By Joel Hall
The City of Forest Park is caught between a rock and two adult entertainment establishments vying for frontage on Jonesboro Road.
The City Council voted on Monday to deny Tops Showbar the alcohol license it needs to open shop at 3950 Jonesboro Road -- the previous location of The Crazy Horse Saloon.
Last fall, The Crazy Horse Saloon moved to 3920 Jonesboro Road, one door away from its old location.
The council denied Tops Showbar's request, siding with residents who argue that two strip clubs in such close proximity is one too many.
Lawyers from both clubs threatened the mayor and council Monday night with lawsuits. Lawyers for The Crazy Horse Saloon said they would sue if the city cleared the way for Tops Showbar to move in, while lawyers for Tops Showbar threatened to sue the city, if their request is denied.
"Having two right next to each other just leads to the question, 'When will there be more?'" said Darnell Moorer, a political activist, who is now retired. He compared the proliferation of prostitution on Atlanta's old Stewart Avenue (now Metropolitan Parkway) to what would happen if the city allowed the two strip clubs to operate next to each other.
"We think it will breed derelict living and activity," said Moorer. "We don't need it, not so close to our home. One is enough."
For almost a year, Terry Stephenson, owner of the Tops Showbar franchise, has leased the old Crazy Horse property. In March of last year, Stephenson applied for an adult entertainment license for the business, but the city has not yet approved it, according to Alan Begner, his attorney.
Begner believes The Crazy Horse, which filed for an adult entertainment license for its new location last August, is receiving preferential treatment from the city.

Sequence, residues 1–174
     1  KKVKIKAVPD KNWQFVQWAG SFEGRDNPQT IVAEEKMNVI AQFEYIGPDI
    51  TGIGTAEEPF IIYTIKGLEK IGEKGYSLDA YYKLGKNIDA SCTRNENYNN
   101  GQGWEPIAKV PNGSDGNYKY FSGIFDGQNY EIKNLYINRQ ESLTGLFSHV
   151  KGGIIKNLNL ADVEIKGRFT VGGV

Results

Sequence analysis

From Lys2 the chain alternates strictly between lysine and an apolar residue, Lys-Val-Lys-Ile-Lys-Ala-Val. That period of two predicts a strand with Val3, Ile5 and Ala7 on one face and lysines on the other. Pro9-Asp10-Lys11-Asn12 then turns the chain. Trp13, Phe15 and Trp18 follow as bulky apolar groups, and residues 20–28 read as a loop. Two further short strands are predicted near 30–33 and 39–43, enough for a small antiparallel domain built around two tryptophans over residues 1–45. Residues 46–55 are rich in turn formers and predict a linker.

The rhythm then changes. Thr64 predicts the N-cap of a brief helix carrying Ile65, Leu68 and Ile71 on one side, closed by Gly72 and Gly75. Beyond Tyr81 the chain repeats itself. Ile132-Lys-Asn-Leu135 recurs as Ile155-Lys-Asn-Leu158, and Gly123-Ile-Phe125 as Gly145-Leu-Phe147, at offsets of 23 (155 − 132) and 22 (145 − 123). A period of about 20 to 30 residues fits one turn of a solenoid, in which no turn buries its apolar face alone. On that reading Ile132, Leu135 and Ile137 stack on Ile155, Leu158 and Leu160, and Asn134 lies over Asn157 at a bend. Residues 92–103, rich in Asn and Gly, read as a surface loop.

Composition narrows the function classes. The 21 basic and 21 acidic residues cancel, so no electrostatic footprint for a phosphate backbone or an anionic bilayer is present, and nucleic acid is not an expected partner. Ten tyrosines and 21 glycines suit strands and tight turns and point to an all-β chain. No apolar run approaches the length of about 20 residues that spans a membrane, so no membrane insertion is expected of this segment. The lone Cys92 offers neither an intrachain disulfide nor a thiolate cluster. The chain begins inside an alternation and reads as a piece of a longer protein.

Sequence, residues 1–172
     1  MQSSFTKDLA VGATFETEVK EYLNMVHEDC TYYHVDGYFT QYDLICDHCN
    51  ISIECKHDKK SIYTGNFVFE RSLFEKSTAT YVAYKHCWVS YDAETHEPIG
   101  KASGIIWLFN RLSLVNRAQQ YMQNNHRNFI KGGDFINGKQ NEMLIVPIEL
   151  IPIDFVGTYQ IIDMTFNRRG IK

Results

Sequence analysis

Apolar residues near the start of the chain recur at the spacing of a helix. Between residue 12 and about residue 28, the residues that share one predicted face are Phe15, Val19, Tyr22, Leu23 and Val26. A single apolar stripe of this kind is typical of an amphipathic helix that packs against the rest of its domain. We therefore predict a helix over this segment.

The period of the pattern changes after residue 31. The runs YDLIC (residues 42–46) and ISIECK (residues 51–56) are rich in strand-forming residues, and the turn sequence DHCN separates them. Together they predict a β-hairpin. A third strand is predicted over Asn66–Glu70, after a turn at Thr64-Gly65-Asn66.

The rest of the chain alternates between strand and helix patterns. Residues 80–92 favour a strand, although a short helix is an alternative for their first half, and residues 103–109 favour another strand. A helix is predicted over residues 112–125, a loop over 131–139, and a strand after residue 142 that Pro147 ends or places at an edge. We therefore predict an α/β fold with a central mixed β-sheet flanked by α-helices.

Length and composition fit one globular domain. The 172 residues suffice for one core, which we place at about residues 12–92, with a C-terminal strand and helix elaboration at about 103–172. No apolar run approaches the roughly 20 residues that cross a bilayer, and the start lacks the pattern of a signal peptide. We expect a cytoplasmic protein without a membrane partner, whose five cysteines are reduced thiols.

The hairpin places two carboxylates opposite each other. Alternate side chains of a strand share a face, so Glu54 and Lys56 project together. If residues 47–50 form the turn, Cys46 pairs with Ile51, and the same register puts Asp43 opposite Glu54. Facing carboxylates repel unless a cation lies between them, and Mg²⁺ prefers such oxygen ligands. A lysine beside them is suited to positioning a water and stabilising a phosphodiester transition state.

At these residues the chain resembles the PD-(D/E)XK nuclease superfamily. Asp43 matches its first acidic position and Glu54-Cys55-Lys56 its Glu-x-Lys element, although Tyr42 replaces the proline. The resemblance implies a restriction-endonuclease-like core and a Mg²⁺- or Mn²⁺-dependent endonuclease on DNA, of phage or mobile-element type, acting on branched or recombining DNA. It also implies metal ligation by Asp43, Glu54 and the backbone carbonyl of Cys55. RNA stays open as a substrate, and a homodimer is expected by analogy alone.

"This is clearly a grandfathered location entitled for both [adult entertainment and liquor licenses]," said Begner. "Forest Park has allowed Crazy Horse to get a new license next door and has changed the law to accommodate them. They processed their application, although our application has been sitting there for five months, or more. The Supreme Court has ruled that adult licenses must be granted, or denied, in about 60 days.
"It's prior restraint ... they do not ensure a speedy process," Begner added. "We've been on hold for over a year and that is pretty good evidence that not only is it not written in [city ordinances], but that they don't feel that they have to comply," the attorney said.
Begner said he will file a lawsuit against the city on the basis that the city ordinances are "patently unconstitutional."
Aubrey Villines, a lawyer representing The Crazy Horse Saloon, believes the city has a legal basis to keep Tops Showbar from operating in the city. He said he will file for an injunction if Begner does sue.
"The ordinances and the rules have always prohibited the bars from being this close," Villines said. "We've played by those rules. They are asking them to change the rules.
"We have some property that we feel needs to be protected," Villines added. "We believe the city has passed ordinances that are enforceable against us and them."
In other action ...
City leaders voted unanimously to increase the salaries of the mayor and council by 20 percent. The raises will go into effect in January 2010.
The council also voted to allot $34,000 for the purchase of ten new electronic voting machines.
John Parker, Forest Park city manager, said the mayor's yearly salary would increase from $15,000 to $18,000, while the salaries of city councilmembers will increase from $12,000 to $14,400 a year. He said the last time the city raised the salaries of its governing body members was 15 years ago.
"The job has increased in activity 100 fold," Parker said. "There are more trips, more phone calls, four times more meetings. It's still grossly underpaid, but nonetheless, it helps to take care of the expenses. There are some things they are reimbursed for, but not everything."
Parker said the new voting machines will enable the city to hold elections if the county were to hold an election at the same time as the city. Currently, the city rents all of its voting equipment from the Clayton County Board of Elections and Registration.
"If the county has an election and the city has one at the same time, there is not enough machines for both of them," he said. Parker said the purchase is "prudent and in the best interest of the city."